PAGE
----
aphid mummies

aphid mummies

I accessed the Glance n’ Go tool to determine a “general” threshold that you can use for a Spring infestation, based on a wheat price of $5.50 per bushel and an application cost of either $4, $6, and $8 per acre. You can go directly to the website and download a paper form (Greenbug Spring Infestation) directly. The threshold is 3 greenbugs per tiller if your application costs are $4 per acre or 2 greenbugs per tiller for application costs of $6 or $8 per acre.

Contact your local County Extension Agricultural Educator for more information. If a field needs to be treated, check with Current Report CR-7194, “Management of Insect and Mite Pests in Small Grains”.

Army cutworms reported in some Oklahoma wheat fields

This article is provided by Dr. Tom A. Royer, OSU Extension Entomologist

Sug Farrington, Extension Educator in Cimarron County received a sample of “worms” that were collected by a producer in his wheat field. They turned out to be army cutworms.

Unlike the fall armyworm, this caterpillar overwinters in Oklahoma, tolerates cold and feeds throughout the winter months. Adult army cutworm moths migrate to Oklahoma each fall from their summer residence in the Rocky Mountains. They seek bare or sparsely vegetated fields (like a newly prepared field ready for wheat planting, or a field that was “dusted in” and had not yet emerged) and lay eggs from August through October. The eggs hatch soon after being deposited, which explains why a producer might see different sizes of larvae in a field. Army cutworms feed throughout the winter and molt seven times before they turn into pupae in the soil. Most larvae will be gone by late March and adult moths begin emerging in April and fly back to the Rocky Mountains to spend the summer.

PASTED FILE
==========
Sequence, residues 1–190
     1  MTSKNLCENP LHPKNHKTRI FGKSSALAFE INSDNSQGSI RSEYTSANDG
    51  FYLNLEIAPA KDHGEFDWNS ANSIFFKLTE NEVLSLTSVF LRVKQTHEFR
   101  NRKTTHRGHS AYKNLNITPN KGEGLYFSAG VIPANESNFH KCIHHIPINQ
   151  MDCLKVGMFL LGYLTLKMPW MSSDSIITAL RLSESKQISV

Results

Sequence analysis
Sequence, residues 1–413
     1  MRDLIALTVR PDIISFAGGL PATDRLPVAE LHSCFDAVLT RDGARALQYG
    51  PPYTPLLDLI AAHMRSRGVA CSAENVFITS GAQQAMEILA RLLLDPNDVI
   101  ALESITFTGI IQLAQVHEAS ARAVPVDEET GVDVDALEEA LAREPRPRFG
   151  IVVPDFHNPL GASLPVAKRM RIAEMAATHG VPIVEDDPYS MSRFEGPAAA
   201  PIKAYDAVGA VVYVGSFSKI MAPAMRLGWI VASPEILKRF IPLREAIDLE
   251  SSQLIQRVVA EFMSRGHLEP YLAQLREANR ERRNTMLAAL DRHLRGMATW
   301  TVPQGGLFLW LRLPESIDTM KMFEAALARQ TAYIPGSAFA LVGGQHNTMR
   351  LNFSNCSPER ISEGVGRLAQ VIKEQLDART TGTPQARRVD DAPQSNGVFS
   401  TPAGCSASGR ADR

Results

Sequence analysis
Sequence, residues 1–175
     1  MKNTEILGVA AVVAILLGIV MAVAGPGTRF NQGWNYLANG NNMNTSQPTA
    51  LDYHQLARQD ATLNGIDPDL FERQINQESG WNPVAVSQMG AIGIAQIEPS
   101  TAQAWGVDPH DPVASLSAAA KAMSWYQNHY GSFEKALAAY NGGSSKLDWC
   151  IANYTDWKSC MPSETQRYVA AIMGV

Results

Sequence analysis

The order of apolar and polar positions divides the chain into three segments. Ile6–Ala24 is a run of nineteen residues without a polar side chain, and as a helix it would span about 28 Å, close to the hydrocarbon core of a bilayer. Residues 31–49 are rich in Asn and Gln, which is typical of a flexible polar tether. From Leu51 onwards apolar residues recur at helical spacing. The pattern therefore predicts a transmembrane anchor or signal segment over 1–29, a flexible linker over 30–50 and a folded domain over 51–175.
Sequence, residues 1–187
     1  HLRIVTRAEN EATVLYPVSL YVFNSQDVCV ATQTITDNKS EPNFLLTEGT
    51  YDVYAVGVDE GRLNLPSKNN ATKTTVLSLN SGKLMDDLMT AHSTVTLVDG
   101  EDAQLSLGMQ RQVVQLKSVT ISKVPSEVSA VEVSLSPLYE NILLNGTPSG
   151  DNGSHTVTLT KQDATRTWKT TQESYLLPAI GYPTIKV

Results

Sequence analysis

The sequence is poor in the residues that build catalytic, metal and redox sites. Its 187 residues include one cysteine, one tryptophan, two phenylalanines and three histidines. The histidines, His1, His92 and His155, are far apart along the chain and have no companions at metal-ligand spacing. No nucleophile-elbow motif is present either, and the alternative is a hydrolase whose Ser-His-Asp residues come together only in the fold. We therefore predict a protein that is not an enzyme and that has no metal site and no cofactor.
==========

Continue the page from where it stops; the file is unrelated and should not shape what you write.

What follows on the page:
Army cutworms. Photo courtesy Sug Farrington, Cimarron County Extension Educator.

Army cutworms can cause severe stand loss of wheat if not controlled. Cutworm damage often goes unnoticed through the winter because the caterpillars grow slowly and don’t get big enough to cause noticeable damage until temperatures warm in the spring. Unfortunately, that is also an indication of poor growing conditions due to drought (which cutworms also like), so it becomes important to check the fields for cutworms. If you notice a field at this time of year with a numbers of starlings or black birds feeding in a concentrated area of your wheat field, they are likely feasting on army cutworms!

Army cutworm injury in wheat. Photo courtesy Sug Farrington, Cimarron County Extension Educator.

Army cutworm injury in wheat. Photo courtesy Sug Farrington, Cimarron County Extension Educator.

Sample a field by stirring or digging the soil to a depth of two inches at 5 or more locations. Also, turn over those dried up cow patties, as they are a favorite hiding place for army cutworms. The cutworms will be “greenish grey”, and will probably curl up into a tight “C” when disturbed. A suggested treatment threshold is 2-3 caterpillars per foot of row when conditions are dry (like we are experiencing this winter) or 4-5 caterpillars per row-foot in fields with adequate moisture. Control suggestions are listed in Current Report-7194 Management of Insect and Mite Pests in Small Grains.

Army cutworms are also a potential pest of canola. Scout fields just as you would in wheat. The suggested treatment threshold for cutworms in canola is 1-2 per row-foot. Current recommendations for control of army cutworms in canola are listed in CR-7667, Management of Insect and Mite Pests in Canola.

Greenbugs reported in northwestern Oklahoma

By Tom Royer, OSU Extension Entomologist

Crop consultants have reported greenbugs in a few northwestern Oklahoma wheat fields. The hit or miss nature of greenbugs and other aphid pests in wheat fields can make scouting challenging. Fortunately, there is an online tool called the Cereal Aphid Decision Support Tool that simplifies scouting for greenbugs and also considers the effects of natural predators.

Greenbugs on wheat

Greenbugs on wheat

Start by going to the Cereal Aphids Decision Support Tool on your computer http://entoplp.okstate.edu/gbweb/index3.htm and selecting the Greenbug Calculator.